Biochemistry & Molecular Pharmacology
Department of Biochemistry and Molecular Pharmacology; Department of Animal Medicine
Life Sciences | Medicine and Health Sciences | Physiology
The Xenopus laevis oocyte has been the workhorse for the investigation of ion transport proteins. These large cells have spawned a multitude of novel techniques that are unfathomable in mammalian cells, yet the fickleness of the oocyte has driven many researchers to use other membrane protein expression systems. Here, we show that some colonies of Xenopus laevis are infected with three multi-drug-resistant bacteria: Pseudomonas fluorescens, Pseudomonas putida, and Stenotrophomonas maltophilia. Oocytes extracted from infected frogs quickly (3-4 d) develop multiple black foci on the animal pole, similar to microinjection scars, which render the extracted eggs useless for electrical recordings. Although multi-drug resistant, the bacteria were susceptible to amikacin and ciprofloxacin in growth assays. Supplementing the oocyte storage media with these two antibiotics prevented the appearance of the black foci and afforded oocytes suitable for whole-cell recordings. Given that P. fluorescens associated with X. laevis has become rapidly drug resistant, it is imperative that researchers store the extracted oocytes in the antibiotic cocktail and not treat the animals harboring the multi-drug-resistant bacteria.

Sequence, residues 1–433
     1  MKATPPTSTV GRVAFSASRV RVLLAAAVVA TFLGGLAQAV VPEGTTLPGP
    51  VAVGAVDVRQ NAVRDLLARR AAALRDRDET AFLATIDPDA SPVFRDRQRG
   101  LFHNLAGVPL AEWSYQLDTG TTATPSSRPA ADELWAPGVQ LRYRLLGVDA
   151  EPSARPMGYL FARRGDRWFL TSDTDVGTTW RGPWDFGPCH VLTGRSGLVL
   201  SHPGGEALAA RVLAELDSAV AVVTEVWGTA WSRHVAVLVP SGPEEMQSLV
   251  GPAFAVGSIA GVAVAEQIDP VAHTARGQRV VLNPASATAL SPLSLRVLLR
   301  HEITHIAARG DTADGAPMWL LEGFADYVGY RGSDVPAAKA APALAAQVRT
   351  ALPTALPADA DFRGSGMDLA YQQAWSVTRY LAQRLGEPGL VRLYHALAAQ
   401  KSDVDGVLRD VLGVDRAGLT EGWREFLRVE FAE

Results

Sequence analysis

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DOI of Published Version
O'Connell, D., et al., Xenopus laevis oocytes infected with multi-drug-resistant bacteria: implications for electrical recordings. J Gen Physiol. 2011 Aug;138(2):271-7. Link to article on publisher's website
The Journal of general physiology
O'Connell D, Mruk K, Rocheleau JM, Kobertz WR. (2011). Xenopus laevis oocytes infected with multi-drug-resistant bacteria: implications for electrical recordings. GSBS Student Publications. https://doi.org/10.1085/jgp.201110661. Retrieved from https://escholarship.umassmed.edu/gsbs_sp/1748